Lesson 1: Slavery and Free Negroes, 1800 to 1860


Books & Media

Clark, Christopher and Nancy A. Hewitt. Who Built America? Working People and the Nation’s History. Volume I, third edition. Boston: St. Martin’s, 2008. A survey of the nation’s history from the perspective of the transformations wrought by the changing nature and forms of work and the role that working people played in the making of modern America. Used to write the historical background.

Foner, Eric and John Garraty, eds. The Reader’s Companion to American History. Boston: Houghton and Mifflin Company, 1991. Article on Free Negroes, 1619-1860, by Ira Berlin. In one readable and accessible volume this book covers political, economic, cultural, and social history; it combines short descriptive entries with longer in-depth essays. Used to write the historical background.

Lester, Julius. To Be a Slave. New York: Scholastic Inc., 1968. Particularly useful for MS and ES school students (if entries selected and read by teachers), this book is based on the extensive collection of slave narratives from the Federal Writers’ Project at the Library of Congress as well as 19th century interviews with abolitionists.

Oates, Stephen B. “The Fires of Jubilee: Nat Turner’s Fierce Rebellion,” in Portrait of America, Vol.1, 8th ed. Stephen B. Oates and Charles J. Errico. Boston: Houghton Mifflin Co., 2003. Appropriate for HS students, this is a dramatic and thorough telling and explanation of Nat Turner’s Rebellion.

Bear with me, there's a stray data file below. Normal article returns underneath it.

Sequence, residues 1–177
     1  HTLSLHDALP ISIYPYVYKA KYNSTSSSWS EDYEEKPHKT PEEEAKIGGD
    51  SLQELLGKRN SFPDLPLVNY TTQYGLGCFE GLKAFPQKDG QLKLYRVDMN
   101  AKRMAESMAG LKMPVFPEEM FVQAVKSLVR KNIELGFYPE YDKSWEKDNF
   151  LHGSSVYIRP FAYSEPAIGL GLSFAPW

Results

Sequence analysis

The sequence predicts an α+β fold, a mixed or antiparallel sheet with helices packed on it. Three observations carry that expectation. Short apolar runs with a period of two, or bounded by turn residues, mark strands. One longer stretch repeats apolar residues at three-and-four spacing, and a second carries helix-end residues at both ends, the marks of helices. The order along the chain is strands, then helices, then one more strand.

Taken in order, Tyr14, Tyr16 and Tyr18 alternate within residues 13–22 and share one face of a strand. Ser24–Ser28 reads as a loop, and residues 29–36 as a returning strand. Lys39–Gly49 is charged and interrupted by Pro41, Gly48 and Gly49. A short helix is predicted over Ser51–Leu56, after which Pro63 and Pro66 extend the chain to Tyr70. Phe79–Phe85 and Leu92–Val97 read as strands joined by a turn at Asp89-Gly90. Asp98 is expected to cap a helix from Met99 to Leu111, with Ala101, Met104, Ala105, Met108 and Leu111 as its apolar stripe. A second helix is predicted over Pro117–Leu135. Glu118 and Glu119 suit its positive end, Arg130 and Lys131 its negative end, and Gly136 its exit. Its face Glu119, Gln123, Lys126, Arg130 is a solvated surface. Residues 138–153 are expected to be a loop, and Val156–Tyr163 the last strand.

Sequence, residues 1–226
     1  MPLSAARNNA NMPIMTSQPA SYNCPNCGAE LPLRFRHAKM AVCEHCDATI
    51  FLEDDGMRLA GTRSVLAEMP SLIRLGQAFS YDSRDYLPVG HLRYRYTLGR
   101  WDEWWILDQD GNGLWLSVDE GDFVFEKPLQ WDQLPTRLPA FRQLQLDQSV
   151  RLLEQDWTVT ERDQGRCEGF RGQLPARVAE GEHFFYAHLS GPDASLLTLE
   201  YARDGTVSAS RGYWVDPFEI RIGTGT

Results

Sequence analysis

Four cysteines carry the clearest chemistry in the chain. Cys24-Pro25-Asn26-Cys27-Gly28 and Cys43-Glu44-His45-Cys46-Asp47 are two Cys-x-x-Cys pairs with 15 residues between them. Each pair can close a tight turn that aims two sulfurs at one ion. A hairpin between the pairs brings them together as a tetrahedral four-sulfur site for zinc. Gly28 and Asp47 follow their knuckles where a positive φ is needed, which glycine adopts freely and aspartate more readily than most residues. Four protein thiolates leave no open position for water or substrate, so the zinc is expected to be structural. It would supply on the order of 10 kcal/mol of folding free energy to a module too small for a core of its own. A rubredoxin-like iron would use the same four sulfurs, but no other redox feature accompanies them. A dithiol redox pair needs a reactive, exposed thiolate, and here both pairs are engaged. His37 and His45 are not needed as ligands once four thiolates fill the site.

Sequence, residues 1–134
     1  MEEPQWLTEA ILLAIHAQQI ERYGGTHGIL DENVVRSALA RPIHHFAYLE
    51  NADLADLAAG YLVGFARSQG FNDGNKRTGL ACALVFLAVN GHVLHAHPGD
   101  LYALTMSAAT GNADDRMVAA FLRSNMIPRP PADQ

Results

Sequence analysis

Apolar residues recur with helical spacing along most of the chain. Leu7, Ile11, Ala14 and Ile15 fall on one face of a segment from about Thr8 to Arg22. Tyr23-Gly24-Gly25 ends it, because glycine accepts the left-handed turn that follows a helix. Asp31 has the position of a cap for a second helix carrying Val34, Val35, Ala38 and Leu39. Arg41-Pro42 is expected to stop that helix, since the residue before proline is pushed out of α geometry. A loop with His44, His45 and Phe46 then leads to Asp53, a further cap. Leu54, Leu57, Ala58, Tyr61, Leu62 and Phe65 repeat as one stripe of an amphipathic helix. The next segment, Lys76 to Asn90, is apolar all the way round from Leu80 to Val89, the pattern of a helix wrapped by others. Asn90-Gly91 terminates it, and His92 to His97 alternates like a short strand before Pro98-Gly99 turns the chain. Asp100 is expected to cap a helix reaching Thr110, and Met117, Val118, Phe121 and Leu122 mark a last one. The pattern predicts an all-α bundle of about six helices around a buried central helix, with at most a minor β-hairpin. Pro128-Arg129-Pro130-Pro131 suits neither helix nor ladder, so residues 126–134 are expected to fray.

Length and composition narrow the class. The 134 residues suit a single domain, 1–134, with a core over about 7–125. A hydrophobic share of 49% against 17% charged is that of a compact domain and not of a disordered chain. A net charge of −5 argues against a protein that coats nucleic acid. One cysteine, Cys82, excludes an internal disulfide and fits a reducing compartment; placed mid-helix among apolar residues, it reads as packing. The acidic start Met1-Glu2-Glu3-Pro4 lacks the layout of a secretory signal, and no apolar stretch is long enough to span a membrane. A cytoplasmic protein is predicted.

Unchained Memories: Readings from the Slave Narratives. An HBO Documentary Film in association with the Library of Congress, introduced by Ira Berlin, 2003. Based on oral histories from the Federal Writers Project and visual sources from the Library of Congress, entries are read by a range of well-know actors.

The Avalon Project at Yale contains: history and literature, federal and state statutes, and other documents on Slavery

An essay and primary sources at the Library of Congress website on Slavery – The Peculiar Institution, contains a variety of useful images and contexts.

The PBS four-part program from 1450 to 1865, each with a historical narrative, a resource bank of images, documents, stories, biographies, and commentaries, and a teacher's guides